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Thesis The success of Nebuchadnezzar II compared to those of the recipients of the Neo-Babylonian Empire.


King Nebuchadnezzar II of Babylon was inevitably one of the most famous figures of ancient history. Born around 60 B.C and reigning for forty-three years, he was by far, the most powerful monarch of his dynasty and during his reign, his capital Babylon, flourished into the biggest and wealthiest city in Mesopotamia and the ancient world. He held a role in biblical history and prophecy and was the Babylonian king who deported the Jewish people into exile.


Nebuchadnezzar’s father Nabopolassar (66-605), a Mesopotamian warlord, with the help from the Medes from northern Iran, was responsible for both ending the Assyrian domination and for founding the new Chaldean (Neo-Babylonian) kingdom. Unfortunately for Nabopolassar, he did not live long enough to realise his ultimate objective � the consolidation of his territorial gains and the complete reconstruction of the old capital of Babylon. However, his son Nebuchadnezzar was able to achieve both of his father’s aims.


After his accession as king of Babylon, Nebuchadnezzar continued to fulfil the obligations expected of him, in Babylon and elsewhere. For more than a thousand years, Babylon after its first two centuries of pre-eminence had been either a subject city or had maintained only a painful and precarious independence. Under Nebuchadnezzar, Babylon was dramatically transformed into the most important city in the Middle East.


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Nebuchadnezzar devoted much of his time to the restoration of Shinar, repairing of its canals, expansion of its prosperity and the organised massive construction projects to change Babylon to the most important city in Mesopotamia. Temples were repaired and inscriptions in the old traditional tongue and the old character of the land declared that there was once more a might king of Babylon, who was the dedicated servant of Bel, Marduk and Nebo (Babylonian gods)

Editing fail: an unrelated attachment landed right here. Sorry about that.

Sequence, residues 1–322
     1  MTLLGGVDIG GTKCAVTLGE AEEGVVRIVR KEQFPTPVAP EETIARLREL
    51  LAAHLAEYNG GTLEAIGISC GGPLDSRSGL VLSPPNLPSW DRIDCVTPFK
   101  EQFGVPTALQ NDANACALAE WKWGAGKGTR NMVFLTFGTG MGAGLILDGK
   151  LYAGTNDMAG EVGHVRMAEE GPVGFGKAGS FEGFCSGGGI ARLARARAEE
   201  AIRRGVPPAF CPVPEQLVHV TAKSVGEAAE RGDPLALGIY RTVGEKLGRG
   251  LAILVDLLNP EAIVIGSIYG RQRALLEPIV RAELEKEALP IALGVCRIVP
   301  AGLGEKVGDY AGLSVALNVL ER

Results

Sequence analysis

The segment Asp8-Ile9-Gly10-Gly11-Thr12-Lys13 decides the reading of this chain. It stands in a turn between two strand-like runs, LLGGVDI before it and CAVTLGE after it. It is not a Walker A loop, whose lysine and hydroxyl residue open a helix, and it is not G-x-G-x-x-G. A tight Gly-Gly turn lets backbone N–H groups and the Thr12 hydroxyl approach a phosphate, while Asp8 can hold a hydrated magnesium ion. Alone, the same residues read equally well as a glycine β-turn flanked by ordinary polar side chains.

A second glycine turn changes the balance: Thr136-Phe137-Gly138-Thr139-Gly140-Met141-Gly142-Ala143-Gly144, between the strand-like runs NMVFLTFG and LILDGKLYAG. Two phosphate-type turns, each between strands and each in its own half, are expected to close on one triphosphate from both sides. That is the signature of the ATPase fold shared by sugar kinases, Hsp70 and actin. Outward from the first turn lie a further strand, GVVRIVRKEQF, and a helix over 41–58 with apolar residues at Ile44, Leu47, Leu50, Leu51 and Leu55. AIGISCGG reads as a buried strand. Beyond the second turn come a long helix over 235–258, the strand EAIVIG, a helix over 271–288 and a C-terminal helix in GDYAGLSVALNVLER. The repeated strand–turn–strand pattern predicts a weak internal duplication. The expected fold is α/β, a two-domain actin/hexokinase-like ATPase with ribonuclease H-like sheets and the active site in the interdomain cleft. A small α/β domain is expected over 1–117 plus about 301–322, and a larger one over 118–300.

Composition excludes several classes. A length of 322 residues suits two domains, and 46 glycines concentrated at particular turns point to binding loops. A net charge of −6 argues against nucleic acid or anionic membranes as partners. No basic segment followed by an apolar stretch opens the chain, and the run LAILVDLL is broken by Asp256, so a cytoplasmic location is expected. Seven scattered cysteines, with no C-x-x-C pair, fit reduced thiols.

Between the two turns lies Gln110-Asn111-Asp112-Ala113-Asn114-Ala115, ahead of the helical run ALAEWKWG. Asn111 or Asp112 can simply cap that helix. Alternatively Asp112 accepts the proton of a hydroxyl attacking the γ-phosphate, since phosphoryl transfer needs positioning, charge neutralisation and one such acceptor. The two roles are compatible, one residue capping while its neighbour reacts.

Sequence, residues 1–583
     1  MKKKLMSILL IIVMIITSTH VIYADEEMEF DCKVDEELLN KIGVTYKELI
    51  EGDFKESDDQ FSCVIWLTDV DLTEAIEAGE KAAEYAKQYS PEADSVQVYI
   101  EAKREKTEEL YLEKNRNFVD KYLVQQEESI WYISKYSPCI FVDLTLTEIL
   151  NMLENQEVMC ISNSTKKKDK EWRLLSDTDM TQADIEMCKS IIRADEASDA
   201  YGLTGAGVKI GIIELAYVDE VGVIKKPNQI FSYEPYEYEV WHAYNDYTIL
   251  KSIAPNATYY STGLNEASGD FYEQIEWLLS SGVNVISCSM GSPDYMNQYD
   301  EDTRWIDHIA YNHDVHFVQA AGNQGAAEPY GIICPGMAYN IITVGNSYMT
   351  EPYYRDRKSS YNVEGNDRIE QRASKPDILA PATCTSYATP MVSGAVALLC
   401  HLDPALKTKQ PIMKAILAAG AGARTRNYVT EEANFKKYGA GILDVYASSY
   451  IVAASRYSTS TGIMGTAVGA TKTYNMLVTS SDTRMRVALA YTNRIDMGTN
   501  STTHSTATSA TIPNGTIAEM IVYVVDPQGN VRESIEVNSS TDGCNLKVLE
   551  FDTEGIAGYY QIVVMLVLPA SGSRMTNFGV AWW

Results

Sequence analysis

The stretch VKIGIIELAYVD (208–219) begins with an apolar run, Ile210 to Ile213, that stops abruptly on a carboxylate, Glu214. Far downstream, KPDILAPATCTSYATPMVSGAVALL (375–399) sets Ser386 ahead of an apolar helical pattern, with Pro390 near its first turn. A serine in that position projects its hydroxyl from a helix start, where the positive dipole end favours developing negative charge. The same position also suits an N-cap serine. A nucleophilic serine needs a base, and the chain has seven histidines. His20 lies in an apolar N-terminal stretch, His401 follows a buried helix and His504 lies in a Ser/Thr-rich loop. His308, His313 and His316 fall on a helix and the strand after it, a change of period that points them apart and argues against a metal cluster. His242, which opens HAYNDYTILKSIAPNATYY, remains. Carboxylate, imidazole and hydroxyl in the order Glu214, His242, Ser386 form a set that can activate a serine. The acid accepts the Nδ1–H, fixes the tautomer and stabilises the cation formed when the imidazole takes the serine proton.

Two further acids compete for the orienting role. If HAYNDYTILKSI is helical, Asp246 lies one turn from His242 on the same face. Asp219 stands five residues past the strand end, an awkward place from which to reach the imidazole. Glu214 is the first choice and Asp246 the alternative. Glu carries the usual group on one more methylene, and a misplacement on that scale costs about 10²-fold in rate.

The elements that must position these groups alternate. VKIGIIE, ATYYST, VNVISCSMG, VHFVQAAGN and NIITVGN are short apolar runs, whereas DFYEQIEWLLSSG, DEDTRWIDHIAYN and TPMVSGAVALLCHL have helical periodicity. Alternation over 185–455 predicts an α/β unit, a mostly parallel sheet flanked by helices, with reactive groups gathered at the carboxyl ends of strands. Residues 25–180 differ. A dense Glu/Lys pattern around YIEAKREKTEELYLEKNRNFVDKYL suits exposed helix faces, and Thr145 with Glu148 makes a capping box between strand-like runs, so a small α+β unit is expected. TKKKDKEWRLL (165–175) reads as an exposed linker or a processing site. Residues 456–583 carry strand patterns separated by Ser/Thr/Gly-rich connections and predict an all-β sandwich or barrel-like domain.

Nebuchadnezzar died in early October in 56 B.C due to a illness and was succeeded by his son Amel-Marduk (Evil-Merodach in the Bible). Amel-Marduk’s reign was short and inefficient as it last only about two years before he was assassinated. When he ascended to the throne he released the king of Judah, whom his father had imprisoned for thirty-seven years. The release of Jehoiachin triggered a controversy as he broke his father’s decree when he placed this Jewish king a seat of honour higher than those of the other kings who were with him in Babylon. He felt that his father without cause held the Jewish king captive and his actions aroused the fury of the priests of Marduk and the high state officials. They were unset by his actions and reminded Amel-Marduk that ‘a king cannot revoke the edicts of his dead predecessor unless he drags the corpse of the dead king out of his grave.’ It was his immediate answer to this that angered both the Chaldeans and the Hebrews. He hastily removed his father’s body and fed the corpse to vultures and earned himself the hatred of his people and the title Evil-Merodach. Amel-Marduk was assassinated as a result of a court conspiracy led by his brother-in-law Neriglissar and committed by the court officials.


The man who benefited from the death of Amel-Marduk was Nergal-shar-usur (Neriglissar in Greek, Nergalsharezer in the Bible), son-in-law of Nebuchadnezzar. He undertook a major campaign beyond the Taurus, probably in anticipation of a thrust by the Medians across the Halys. This campaign ended in defeat and he died soon after he returned to Babylon in 556 B.C. Attempting to exceed Nebuchadnezzar’s achievements, Neriglissar had strived to secure the empire whilst trying to gain new territory led to misfortune which eventually led to his death.